The OME cytotoxicity has been reported in normal human cells (HEK293 and NIH3T3) . In stomach epithelial cells of patients in OM|Euse or in therapy, cytogenetic changes are indicative of cytotoxicity, due to picnoses and binucleated cells formation, especially in patients with H. pylori infection. Pyknosis occur due to chromatin condensation and dissolution, and binucleated cells result from cytokinesis failures at the end of cell division . H. pylori releases cytotoxins that can induce apoptosis by alterations in cytochrome C release , as well as destroy cellular junctions in the gastric epithelium , and promote transient increased acid secretion that lead to hypochlorhydria and intestinal metaplasia . These events are linked to increased grastric cancer risk [51, 63, 66, 89, 90, 105].
Moreover, OME has hepatotoxic effects as a result of apoptosis stimulated by tumor necrosis factor alpha (TNF-α), as well as by alterations of liver enzymes AST and ALT [22, 37, 98]. There is also reports of nephrotoxic effects, thrombocytopenia, acute interstitial nephritis, anaphylactic reactions and gynecomastia [22, 61].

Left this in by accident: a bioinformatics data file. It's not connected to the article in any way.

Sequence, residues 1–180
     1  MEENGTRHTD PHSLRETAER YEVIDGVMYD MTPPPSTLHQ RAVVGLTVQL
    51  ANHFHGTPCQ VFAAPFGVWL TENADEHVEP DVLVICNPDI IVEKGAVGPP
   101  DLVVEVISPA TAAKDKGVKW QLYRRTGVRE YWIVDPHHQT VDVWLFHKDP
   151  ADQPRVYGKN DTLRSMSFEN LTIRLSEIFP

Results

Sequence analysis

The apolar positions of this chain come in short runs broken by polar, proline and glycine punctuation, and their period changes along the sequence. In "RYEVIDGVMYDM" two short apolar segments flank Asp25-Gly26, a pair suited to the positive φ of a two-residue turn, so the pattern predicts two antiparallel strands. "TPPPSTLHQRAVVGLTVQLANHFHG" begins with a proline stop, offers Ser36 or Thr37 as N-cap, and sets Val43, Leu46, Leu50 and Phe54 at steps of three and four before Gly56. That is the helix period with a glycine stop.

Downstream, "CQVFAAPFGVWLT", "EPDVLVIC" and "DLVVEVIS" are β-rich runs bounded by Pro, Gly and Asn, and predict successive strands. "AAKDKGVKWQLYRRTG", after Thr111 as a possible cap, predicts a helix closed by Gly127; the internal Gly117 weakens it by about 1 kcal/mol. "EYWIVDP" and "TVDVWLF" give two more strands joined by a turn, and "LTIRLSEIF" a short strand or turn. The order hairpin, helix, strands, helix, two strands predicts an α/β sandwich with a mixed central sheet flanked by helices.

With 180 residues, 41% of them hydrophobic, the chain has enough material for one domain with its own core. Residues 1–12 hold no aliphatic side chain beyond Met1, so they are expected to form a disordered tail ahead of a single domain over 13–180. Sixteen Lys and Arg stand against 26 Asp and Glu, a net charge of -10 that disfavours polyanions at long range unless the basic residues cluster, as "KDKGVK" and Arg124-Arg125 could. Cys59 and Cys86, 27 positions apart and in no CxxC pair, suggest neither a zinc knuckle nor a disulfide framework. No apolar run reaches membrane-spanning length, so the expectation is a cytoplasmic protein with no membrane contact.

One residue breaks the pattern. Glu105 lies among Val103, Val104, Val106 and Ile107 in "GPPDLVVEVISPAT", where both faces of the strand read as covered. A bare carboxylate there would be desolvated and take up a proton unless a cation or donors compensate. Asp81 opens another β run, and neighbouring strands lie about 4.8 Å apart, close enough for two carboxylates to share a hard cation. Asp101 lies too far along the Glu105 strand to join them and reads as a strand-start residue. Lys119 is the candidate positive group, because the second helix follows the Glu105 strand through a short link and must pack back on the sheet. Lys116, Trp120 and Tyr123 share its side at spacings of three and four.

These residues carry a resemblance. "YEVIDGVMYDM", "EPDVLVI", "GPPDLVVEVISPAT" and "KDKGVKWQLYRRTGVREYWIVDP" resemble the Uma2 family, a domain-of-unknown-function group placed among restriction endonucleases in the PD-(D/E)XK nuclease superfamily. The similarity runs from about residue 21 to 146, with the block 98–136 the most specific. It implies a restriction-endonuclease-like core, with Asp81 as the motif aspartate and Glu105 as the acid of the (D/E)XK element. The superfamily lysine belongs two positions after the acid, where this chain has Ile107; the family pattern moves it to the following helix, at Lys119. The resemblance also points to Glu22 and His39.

In this study, OME induced apoptosis in stomach epithelial cells due to nuclear fragmentation (cariorrexis) and nuclear dissolution (karyolysis), as seen in patients without gastritis and with gastritis in OME use and/or therapy, and also in patients with H. pylori infection, as previously observed in other nuclear alterations. Although apoptosisis one of the mechanisms associated to acute gastric injury , OME has apoptotic effects in human gastric cancer cells (HGC-27) , colorectal tumor cells [52, 67], and normal human nuclear polymorphic leukocytes [20, 68, 72].
According to previous studies, drugs that induce oxidative damage may increase the levels of endogenous antioxidant enzymes such as catalase and superoxide dismutase [2, 47, 80]. Catalase (CAT) is one of the antioxidant enzymes that participates in H2O2 degradation through dismutation reactions, mainly in peroxisomes, and it has been considered as an important oxidative biomarker [45, 77]. Superoxide dismutase (SOD) converts the oxygen produced during oxidative stress to H2O2. In this regard, to act effectively in maintaining cellular integrity and function, SOD depends on the balance between SOD, GPx and CAT [74, 77].